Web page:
Journal: Gastrointestinal endoscopy
INTRODUCTION: We previously derived and validated the AIMS65 score, a mortality prognostic scale for upper GI bleeding (UGIB). OBJECTIVE: To validate the AIMS65 score in a different patient population and compare it with the Glasgow-Blatchford risk score (GBRS). DESIGN: Retrospective cohort study. PATIENTS: Adults with a primary diagnosis of UGIB. MAIN OUTCOME MEASUREMENTS: Primary outcome: inpatient mortality. Secondary outcomes: composite clinical endpoint of inpatient mortality, rebleeding, and endoscopic, radiologic or surgical intervention; blood transfusion; intensive care unit admission; rebleeding; length of stay; timing of endoscopy. The area under the receiver-operating characteristic curve (AUROC) was calculated for each score. RESULTS: Of the 278 study patients, 6.5% died and 35% experienced the composite clinical endpoint. The AIMS65 score was superior in predicting inpatient mortality (AUROC, 0.93 vs 0.68; P < .001), whereas the GBRS was superior in predicting blood transfusions (AUROC, 0.85 vs 0.65; P < .01) The 2 scores were similar in predicting the composite clinical endpoint (AUROC, 0.62 vs 0.68; P = .13) as well as the secondary outcomes. A GBRS of 10 and 12 or more maximized the sum of the sensitivity and specificity for inpatient mortality and rebleeding, respectively. The cutoff was 2 or more for the AIMS65 score for both outcomes. LIMITATIONS: Retrospective, single-center study. CONCLUSION: The AIMS65 score is superior to the GBRS in predicting inpatient mortality from UGIB, whereas the GBRS is superior for predicting blood transfusion. Both scores are similar in predicting the composite clinical endpoint and other outcomes in clinical care and resource use.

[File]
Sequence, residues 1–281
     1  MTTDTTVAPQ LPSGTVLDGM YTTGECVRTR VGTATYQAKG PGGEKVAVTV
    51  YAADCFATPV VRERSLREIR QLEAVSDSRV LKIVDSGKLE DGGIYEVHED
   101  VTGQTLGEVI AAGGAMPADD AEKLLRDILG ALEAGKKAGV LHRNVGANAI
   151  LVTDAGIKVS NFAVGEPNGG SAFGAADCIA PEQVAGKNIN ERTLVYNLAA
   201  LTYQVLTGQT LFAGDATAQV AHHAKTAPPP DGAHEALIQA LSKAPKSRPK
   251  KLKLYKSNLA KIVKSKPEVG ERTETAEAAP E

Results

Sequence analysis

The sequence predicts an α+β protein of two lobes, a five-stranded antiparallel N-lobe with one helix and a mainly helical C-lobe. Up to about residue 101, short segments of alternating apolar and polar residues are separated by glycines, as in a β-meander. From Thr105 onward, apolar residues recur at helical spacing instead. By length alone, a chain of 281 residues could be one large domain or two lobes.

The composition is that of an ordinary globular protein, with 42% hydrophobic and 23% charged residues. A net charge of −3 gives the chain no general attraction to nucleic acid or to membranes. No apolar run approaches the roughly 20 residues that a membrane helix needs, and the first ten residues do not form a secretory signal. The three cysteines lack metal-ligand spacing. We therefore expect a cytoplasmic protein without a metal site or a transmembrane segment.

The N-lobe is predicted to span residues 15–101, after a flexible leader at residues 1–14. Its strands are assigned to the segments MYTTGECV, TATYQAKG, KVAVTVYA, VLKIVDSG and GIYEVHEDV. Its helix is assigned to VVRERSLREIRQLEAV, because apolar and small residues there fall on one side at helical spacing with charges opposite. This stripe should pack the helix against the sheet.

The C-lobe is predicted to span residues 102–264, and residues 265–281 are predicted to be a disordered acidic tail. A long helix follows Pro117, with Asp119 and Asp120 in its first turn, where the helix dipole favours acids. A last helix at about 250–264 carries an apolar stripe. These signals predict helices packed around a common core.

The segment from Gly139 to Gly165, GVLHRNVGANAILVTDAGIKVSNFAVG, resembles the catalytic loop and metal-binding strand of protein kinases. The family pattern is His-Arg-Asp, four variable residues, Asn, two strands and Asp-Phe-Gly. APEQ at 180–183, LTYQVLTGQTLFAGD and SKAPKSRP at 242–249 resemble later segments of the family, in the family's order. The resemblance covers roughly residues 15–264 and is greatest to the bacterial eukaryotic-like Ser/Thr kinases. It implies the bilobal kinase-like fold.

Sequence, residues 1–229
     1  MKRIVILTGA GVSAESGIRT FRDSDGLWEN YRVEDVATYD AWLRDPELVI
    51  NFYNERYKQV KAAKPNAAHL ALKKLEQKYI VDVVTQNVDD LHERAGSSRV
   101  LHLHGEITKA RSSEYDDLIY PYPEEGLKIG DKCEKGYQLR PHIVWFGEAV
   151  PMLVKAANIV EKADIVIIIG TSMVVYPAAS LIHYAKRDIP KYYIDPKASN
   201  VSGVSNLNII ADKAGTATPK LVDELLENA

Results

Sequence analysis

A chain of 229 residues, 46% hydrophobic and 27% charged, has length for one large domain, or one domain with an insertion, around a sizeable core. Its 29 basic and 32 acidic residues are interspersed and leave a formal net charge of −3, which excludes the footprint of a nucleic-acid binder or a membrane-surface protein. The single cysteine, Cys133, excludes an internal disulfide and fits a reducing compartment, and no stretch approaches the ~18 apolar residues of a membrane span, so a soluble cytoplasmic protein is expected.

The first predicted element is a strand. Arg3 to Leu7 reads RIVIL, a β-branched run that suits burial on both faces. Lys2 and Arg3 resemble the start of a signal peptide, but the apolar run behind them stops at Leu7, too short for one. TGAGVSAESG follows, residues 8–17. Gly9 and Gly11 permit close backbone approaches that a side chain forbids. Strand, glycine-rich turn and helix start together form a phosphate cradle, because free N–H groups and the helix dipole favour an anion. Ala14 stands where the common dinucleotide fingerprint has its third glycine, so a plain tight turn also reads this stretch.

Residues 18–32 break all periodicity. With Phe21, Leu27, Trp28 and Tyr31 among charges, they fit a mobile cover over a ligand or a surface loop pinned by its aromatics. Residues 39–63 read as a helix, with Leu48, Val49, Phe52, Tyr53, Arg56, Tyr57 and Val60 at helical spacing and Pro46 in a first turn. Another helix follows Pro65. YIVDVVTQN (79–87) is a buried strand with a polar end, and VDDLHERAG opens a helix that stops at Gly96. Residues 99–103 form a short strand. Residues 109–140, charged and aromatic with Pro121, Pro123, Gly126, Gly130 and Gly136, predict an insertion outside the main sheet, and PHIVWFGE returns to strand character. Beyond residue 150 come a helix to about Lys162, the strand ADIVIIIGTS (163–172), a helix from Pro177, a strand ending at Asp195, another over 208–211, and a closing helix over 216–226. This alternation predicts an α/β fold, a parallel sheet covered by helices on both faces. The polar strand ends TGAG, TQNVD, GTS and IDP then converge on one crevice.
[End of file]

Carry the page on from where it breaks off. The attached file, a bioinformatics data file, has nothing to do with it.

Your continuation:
Pancreatitis is the most common major complication of ERCP and precut endoscopic sphincterotomy (ES). Prophylactic pancreatic duct (PD) stent placement has been shown to reduce the incidence and severity of post-ERCP pancreatitis (PEP) in high-risk settings.
BACKGROUND: Chromo-zoom endoscopy has been demonstrated to be valuable in assessing the degree of intestinal villous atrophy in patients with suspected celiac disease. OBJECTIVE: To evaluate the diagnostic accuracy of chromo-zoom endoscopy in patients with difficult diagnosis because of nonconcordant test results and/or the confounding of a gluten-free diet initiated before an appropriate diagnosis of celiac disease and to compare the findings to a recent reference standard, the in vitro gliadin challenge test. DESIGN: Prospective, case-control study. SETTING: Tertiary-care referral hospital. PATIENTS: Patients without celiac disease (negative control group, n = 9), patients with celiac disease (positive control group, n = 41), and patients with difficult diagnosis (n = 27). INTERVENTION: Chromo-endoscopy with indigo carmine and endoscopic zoom-magnification were performed. Duodenal fragments were collected for the in vitro gliadin challenge test. The area under the receiver operating characteristic curve (ROC) was used for statistical analyses on accuracy. MAIN OUTCOME MEASUREMENTS: Diagnostic accuracy of chromo-zoom endoscopy for detection of mucosal abnormalities in patients with difficult diagnosis. RESULTS: Chromo-zoom endoscopy had a high accuracy for celiac disease diagnosis in analyses on negative controls and positive controls (area under roc = 0.99). In the difficult diagnosis group, the accuracy of chromo-zoom endoscopy was lower (area under roc = 0.83), but it increased after exclusion of patients with celiac disease on gluten-free diet (area under roc = 0.88). LIMITATIONS: There was a 4% failure rate in the ability to cultivate biopsies. Also, the study was done at an academic medical center. CONCLUSION: Chromo-zoom endoscopy has high accuracy for cases of difficult diagnosis of celiac disease but only in untreated patients with celiac disease.
Nonvariceal upper GI bleeding (NVUGIB) that occurs in patients already hospitalized for another condition is associated with increased mortality, but outcome predictors have not been consistently identified.